Acute skeletal muscle injury: CCL2 expression by both monocytes and injured muscle is required for repair
ABSTRACT CC chemokine ligand 2 (CCL2), a ligand of CC chemokine receptor 2 (CCR2), is essential to mount an adequate inflammatory response to repair acute skeletal muscle injury. We studied the mechanisms by which CCL2 regulates muscle inflammation and regeneration. Mobilization of monocytes/macrophages (MOs/MPs) but not lymphocytes or neutrophils was impaired from bone marrow to blood and from blood to injured muscles in Ccl2(-/-) mice. This was accompanied by poor phagocytosis, reduced up-regulation of insulin-like growth factor-1 (IGF-1), and impaired muscle regeneration. Bone marrow transfer from wild-type mice to irradiated Ccr2(-/-) but not Ccl2(-/-) mice restored muscle inflammation. Intravenously injected CCL2-deficient bone marrow monocytes could not enter wild-type injured muscles as well as wild-type bone marrow monocytes. Intravenously injected wild-type bone marrow monocytes could not enter CCL2-deficient injured muscles as well as wild-type injured muscles. CCL2 stimulated IGF-1 expression by wild-type but not CCR2-deficient intramuscular macrophages. A single intramuscular injection of IGF-1, but not PBS, markedly improved muscle regeneration in Ccl2(-/-) mice. We conclude that CCL2 is a major ligand of CCR2 to recruit MOs/MPs into injured muscles to conduct phagocytosis and produce IGF-1 for injury repair. CCL2 needs to be expressed by bone marrow cells, circulating monocytes, and injured muscle tissue cells to recruit MOs/MPs into injured muscles. CCL2/CCR2 signaling also up-regulates IGF-1 expression by intramuscular macrophages to promote acute skeletal muscle injury repair.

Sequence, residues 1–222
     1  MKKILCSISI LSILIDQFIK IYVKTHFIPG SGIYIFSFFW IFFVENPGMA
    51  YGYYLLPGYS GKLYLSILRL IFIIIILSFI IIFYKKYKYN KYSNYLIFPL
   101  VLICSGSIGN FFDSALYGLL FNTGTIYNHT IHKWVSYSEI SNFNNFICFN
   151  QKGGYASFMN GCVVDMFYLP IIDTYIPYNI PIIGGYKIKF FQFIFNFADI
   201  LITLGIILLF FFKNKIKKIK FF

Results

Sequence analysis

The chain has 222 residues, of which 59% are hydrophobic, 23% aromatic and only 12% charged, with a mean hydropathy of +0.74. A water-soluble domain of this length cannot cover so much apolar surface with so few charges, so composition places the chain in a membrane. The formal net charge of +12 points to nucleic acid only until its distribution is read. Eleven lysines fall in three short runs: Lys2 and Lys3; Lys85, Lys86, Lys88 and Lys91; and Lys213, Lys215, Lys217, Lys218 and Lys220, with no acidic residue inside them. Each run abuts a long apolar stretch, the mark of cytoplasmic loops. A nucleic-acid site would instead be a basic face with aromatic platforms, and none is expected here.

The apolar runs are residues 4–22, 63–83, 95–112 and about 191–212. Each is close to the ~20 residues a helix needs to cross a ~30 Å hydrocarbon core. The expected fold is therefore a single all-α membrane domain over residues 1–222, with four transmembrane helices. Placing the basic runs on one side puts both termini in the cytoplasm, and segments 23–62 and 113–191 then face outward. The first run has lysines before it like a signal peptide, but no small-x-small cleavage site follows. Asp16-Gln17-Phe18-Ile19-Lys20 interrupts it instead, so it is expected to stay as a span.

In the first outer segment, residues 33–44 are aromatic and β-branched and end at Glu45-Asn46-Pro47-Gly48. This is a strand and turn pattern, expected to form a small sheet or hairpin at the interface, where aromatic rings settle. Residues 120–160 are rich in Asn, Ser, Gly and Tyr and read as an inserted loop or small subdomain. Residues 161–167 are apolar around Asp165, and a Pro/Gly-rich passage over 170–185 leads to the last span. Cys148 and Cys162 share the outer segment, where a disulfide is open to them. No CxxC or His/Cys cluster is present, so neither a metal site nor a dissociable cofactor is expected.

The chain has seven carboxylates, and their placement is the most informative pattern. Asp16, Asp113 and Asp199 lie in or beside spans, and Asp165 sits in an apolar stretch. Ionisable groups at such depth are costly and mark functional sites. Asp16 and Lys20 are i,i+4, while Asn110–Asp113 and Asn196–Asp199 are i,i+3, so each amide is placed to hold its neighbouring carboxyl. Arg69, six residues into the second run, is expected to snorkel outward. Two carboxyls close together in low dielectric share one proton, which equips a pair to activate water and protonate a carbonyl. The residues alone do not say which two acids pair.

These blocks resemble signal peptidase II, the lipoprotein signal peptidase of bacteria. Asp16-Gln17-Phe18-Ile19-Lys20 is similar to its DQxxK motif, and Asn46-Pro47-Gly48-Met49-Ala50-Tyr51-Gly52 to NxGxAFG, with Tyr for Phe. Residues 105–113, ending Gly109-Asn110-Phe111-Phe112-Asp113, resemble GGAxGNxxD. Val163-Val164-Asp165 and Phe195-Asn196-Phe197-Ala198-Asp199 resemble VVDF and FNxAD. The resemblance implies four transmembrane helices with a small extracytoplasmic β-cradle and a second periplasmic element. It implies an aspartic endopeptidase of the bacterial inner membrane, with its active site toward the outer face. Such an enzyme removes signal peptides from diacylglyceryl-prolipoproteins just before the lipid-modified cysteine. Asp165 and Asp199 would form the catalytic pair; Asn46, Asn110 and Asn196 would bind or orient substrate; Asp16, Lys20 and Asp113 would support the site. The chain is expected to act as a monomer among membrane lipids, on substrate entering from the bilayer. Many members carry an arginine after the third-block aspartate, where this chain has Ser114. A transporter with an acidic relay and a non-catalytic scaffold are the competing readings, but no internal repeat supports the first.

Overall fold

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ABSTRACT: Excessive inflammatory response may delay the regeneration and damage the normal muscle fibers upon myoinjury. It would be important to be able to attenuate the inflammatory response and decrease inflammatory cells infiltration in order to improve muscle regeneration formation, resulting in better muscle functional recovery after myoinjury. This study was undertaken to explore the role of Nitric oxide (NO) during skeletal muscle inflammatory process, using a mouse model of Notexin induced myoinjury. Intramuscular injection (tibialis anterior, TA) of Notexin was performed for preparing mice myoinjury. NO synthase inhibitor (L-NAME) or NO donor (SNP) was intraperitoneally injected into model mice. On day 4 and 7 post-injury, expression of muscle-autoantigens and toll-like receptors (TLRs) was evaluated from muscle tissue by qRT-PCR and Western Blot; the intramuscular infiltration of monocytes/macrophage (CD11b(+) or F4/80(+) cells), CD8(+) T cell (CD3ε(+)CD8α(+)), apoptotic cell (CD11b(+)caspase3(+)), and MHC-I molecule H-2K(b)-expressing myofibers in damaged muscle were assessed by imunoflourecence analysis; the mRNAs expression of cytokines and chemokines associated with the preferential biological role during the muscle damage-induced inflammation response, were assessed by qRT-PCR. We detected the reduced monocytes/macrophages infiltration, and increased apoptotic cells in the damaged muscle treated with SNP comparing to untreatment. As well, SNP treatment down-regulated mRNA and protein levels of muscle autoantigens, TLR3, and mRNA levels of TNF-α, IL-6, MCP-1, MCP-3, and MIP-1α in damaged muscle. On the contrary, L-NAME induced more severe intramuscular infiltration of inflammatory cells, and mRNA level elevation of the above inflammatory mediators. Notably, we observed an increased number of MHC-I (H2-K(b)) positive new myofibers, and of the infiltrated CD8(+) T cells in damaged muscle at the day 7 after L-NAME treatment. The result herein shows that, NO can act as an endogenous anti-inflammatory molecule during the ongoing muscle inflammation. Our finding may provide new insight to optimize NO-based therapies for improving muscle regeneration after myoinjury.International journal of biological sciences 01/2015; 11(2):156-67. DOI:10.7150/ijbs.10283 · 4.37 Impact Factor